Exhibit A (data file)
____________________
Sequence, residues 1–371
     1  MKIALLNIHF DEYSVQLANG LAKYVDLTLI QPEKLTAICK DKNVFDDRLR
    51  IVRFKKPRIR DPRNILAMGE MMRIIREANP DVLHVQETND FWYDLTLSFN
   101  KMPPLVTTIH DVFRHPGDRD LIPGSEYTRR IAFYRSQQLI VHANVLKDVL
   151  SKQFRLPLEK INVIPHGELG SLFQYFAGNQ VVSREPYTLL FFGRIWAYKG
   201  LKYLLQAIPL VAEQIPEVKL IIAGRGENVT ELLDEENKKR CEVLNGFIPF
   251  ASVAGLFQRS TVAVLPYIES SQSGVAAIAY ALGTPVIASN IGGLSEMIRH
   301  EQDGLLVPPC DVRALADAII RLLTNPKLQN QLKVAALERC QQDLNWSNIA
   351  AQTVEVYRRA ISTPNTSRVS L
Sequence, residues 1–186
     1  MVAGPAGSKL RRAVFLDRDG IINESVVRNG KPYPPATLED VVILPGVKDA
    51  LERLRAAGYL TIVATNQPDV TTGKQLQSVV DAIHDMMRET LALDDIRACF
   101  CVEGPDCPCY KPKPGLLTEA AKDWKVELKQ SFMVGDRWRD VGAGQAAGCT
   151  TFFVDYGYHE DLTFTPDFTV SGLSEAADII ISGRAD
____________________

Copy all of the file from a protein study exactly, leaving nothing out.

Sequence, residues 1–371
     1  MKIALLNIHF DEYSVQLANG LAKYVDLTLI QPEKLTAICK DKNVFDDRLR
    51  IVRFKKPRIR DPRNILAMGE MMRIIREANP DVLHVQETND FWYDLTLSFN
   101  KMPPLVTTIH DVFRHPGDRD LIPGSEYTRR IAFYRSQQLI VHANVLKDVL
   151  SKQFRLPLEK INVIPHGELG SLFQYFAGNQ VVSREPYTLL FFGRIWAYKG
   201  LKYLLQAIPL VAEQIPEVKL IIAGRGENVT ELLDEENKKR CEVLNGFIPF
   251  ASVAGLFQRS TVAVLPYIES SQSGVAAIAY ALGTPVIASN IGGLSEMIRH
   301  EQDGLLVPPC DVRALADAII RLLTNPKLQN QLKVAALERC QQDLNWSNIA
   351  AQTVEVYRRA ISTPNTSRVS L
Sequence, residues 1–186
     1  MVAGPAGSKL RRAVFLDRDG IINESVVRNG KPYPPATLED VVILPGVKDA
    51  LERLRAAGYL TIVATNQPDV TTGKQLQSVV DAIHDMMRET LALDDIRACF
   101  CVEGPDCPCY KPKPGLLTEA AKDWKVELKQ SFMVGDRWRD VGAGQAAGCT
   151  TFFVDYGYHE DLTFTPDFTV SGLSEAADII ISGRAD